Kurt Helin

Tim Hardaway Jr.’s clutch three forces OT, where Hawks beat Spurs


For the first time in his coaching career, Mike Budenholzer has beaten the Spurs.

But the long-time Spurs assistant — now Mr. Everything in Atlanta — needed some clutch help from Tim Hardaway Jr. The Spurs were up three with 10 seconds left, and this is the kind of game where San Antonio just out executes every other team and wins. Instead, the Hawks had the good execution: Mike Muscala set one heck of a moving screen, Kawhi Leonard hesitated for a second on the switch chasing Hardaway around it, and that created enough room for the game-tieing shot.

The Hawks went on to get the win in overtime, led on the night by Paul Milsap’s 25 points and nine rebounds. Also, the Hawks caught a break when Kawhi Leonard barely — and I mean barely — missed a game winner. Then in OT Leonard missed a layup to force second OT.

Report: Lance Stephenson ahead of schedule on recovery, could play by mid-January

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Lance Stephenson was playing well and had become a vital part of the Pelicans rotation early on — he got 27 minutes a night averaging 9.7 points and 4.8 assists per game. They needed his shot creation.

Then he tore his groin muscle and needed surgery. The Pelicans were already shorthanded (at the time Tyreke Evans, Jrue Holiday, and Quincy Pondexter were all out) so they waived Stephenson to create a roster spot so they could sign Archie Goodwin.

But Stephenson is making a quicker than expected recovery, reports Chris Haynes of ESPN.

It’s likely a few teams would have interest in him, he played well in New Orleans, although some teams may be cautious because of Stephenson’s reputation as disruptive to team chemistry (a reputation he says is undeserved). He had not landed a contract over the summer and came to training camp in New Orleans trying to play his way onto the team — and he did. Someone will give him another chance, though likely on a minimum contract (possibly with team options for next season).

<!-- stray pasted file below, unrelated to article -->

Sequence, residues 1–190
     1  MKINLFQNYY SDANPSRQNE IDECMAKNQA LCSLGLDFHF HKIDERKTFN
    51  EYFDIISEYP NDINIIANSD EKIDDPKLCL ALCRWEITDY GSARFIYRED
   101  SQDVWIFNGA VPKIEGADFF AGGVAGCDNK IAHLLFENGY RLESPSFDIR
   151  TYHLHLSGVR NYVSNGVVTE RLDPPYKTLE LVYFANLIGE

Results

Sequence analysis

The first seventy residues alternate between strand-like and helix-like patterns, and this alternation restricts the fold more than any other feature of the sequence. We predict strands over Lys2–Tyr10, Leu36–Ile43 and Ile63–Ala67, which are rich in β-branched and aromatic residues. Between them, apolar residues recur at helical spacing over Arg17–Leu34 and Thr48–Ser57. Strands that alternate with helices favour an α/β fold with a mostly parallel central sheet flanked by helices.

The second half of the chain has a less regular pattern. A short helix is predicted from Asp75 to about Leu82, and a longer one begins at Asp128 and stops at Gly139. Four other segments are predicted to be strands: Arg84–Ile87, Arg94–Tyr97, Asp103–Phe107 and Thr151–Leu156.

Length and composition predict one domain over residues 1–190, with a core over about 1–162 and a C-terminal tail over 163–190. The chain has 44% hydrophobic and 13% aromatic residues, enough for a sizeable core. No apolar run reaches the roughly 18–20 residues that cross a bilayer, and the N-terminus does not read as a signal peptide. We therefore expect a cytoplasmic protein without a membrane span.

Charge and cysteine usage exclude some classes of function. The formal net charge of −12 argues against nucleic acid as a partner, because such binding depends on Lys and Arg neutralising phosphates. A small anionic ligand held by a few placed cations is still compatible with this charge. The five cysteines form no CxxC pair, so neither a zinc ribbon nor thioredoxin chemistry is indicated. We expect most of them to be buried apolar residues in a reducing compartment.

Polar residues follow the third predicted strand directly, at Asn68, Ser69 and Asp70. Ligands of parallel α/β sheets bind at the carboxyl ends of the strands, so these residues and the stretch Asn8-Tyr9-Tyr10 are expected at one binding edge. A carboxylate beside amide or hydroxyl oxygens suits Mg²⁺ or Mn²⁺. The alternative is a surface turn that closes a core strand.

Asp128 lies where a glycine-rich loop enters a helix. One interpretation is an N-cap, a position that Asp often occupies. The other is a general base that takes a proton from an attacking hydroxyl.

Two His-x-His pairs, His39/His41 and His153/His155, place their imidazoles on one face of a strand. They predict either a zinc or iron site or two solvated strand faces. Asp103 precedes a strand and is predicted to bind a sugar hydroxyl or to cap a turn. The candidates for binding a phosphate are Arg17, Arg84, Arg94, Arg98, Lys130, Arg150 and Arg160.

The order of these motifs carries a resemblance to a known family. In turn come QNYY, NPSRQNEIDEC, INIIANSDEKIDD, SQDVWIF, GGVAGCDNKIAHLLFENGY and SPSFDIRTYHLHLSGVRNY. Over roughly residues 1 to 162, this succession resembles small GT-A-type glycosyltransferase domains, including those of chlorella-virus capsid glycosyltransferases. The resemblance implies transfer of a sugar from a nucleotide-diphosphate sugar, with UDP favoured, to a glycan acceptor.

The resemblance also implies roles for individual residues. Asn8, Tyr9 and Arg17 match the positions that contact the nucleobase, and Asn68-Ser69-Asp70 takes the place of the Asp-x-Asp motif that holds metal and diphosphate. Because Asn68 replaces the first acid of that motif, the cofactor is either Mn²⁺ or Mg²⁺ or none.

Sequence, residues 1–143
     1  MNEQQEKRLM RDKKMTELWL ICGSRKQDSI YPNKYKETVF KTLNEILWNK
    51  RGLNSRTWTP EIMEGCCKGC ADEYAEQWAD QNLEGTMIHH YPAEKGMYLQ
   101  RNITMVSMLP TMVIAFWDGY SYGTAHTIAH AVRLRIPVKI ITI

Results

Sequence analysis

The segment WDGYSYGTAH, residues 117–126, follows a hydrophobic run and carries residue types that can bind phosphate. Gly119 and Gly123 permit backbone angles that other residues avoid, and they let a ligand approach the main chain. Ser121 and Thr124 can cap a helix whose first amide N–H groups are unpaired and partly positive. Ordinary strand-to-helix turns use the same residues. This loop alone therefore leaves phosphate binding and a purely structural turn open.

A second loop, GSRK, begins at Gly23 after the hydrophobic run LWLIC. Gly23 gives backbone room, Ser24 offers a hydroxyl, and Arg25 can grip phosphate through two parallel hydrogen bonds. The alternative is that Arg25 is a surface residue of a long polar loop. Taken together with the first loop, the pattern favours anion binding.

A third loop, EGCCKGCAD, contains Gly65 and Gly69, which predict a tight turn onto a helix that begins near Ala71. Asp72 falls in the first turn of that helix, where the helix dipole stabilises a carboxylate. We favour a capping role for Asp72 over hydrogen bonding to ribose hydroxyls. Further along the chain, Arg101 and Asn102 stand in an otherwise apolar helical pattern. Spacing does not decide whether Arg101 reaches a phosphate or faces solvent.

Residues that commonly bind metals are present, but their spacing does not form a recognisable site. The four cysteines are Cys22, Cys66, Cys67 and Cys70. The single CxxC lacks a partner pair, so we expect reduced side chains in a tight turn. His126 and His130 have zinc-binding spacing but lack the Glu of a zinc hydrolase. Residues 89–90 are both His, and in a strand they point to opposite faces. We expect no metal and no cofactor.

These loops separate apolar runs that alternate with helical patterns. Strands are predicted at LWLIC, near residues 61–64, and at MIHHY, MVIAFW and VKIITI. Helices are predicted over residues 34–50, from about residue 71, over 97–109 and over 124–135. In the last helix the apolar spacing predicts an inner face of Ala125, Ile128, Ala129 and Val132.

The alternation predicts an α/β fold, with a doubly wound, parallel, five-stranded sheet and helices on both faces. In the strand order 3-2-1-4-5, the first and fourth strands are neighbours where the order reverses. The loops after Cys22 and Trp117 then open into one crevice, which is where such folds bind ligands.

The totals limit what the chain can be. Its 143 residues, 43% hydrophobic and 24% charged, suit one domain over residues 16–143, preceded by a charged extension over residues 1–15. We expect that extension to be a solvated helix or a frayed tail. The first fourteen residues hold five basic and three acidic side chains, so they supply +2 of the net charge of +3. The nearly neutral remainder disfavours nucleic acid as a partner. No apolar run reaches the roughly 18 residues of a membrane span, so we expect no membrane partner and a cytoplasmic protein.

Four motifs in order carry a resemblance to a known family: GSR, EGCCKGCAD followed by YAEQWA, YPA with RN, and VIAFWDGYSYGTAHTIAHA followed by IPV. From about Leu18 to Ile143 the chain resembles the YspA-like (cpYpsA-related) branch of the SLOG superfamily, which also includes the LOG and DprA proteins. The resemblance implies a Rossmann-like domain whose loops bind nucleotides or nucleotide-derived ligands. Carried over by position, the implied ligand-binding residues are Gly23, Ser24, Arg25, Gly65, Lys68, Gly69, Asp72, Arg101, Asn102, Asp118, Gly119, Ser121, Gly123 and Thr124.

Report: Atlanta Hawks listening to trade offers for All-Stars Paul Millsap, Kyle Korver

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Al Horford left last summer, and now Paul Millsap might be the next big name out the door in Atlanta as the Hawks organization is undergoing a major on-court shift.

Millsap has been expected to opt out this summer because, as a 10-year veteran, he can chase a massive, $35 million a year payday with a new deal. That apparently is not going to be happening in Atlanta. Chris Haynes tweeted about the issue, then Marc Stein and Brian Windhorst of ESPN added details.

S‎ources told ESPN.com that the Hawks, fearful of losing Millsap in free agency in the summer without compensation, are not openly shopping him but taking calls on the 31-year-old and their other pending free agents, notably sharpshooter Kyle Korver and swingman Thabo Sefolosha.

Although the Hawks managed to sign Dwight Howard in free agency last summer to fill a frontcourt void, they were stung by the free-agent departure of Al Horford from the perspective that Horford, in the words of one source with knowledge of the team’s thinking, got away “for nothing.”

The feeling within the organization now, sources said, is that it’s best to gauge the trade market for Millsap, Korver and Sefolosha between now and the Feb. 23 trade deadline to guard against a repeat scenario as much as the Hawks can.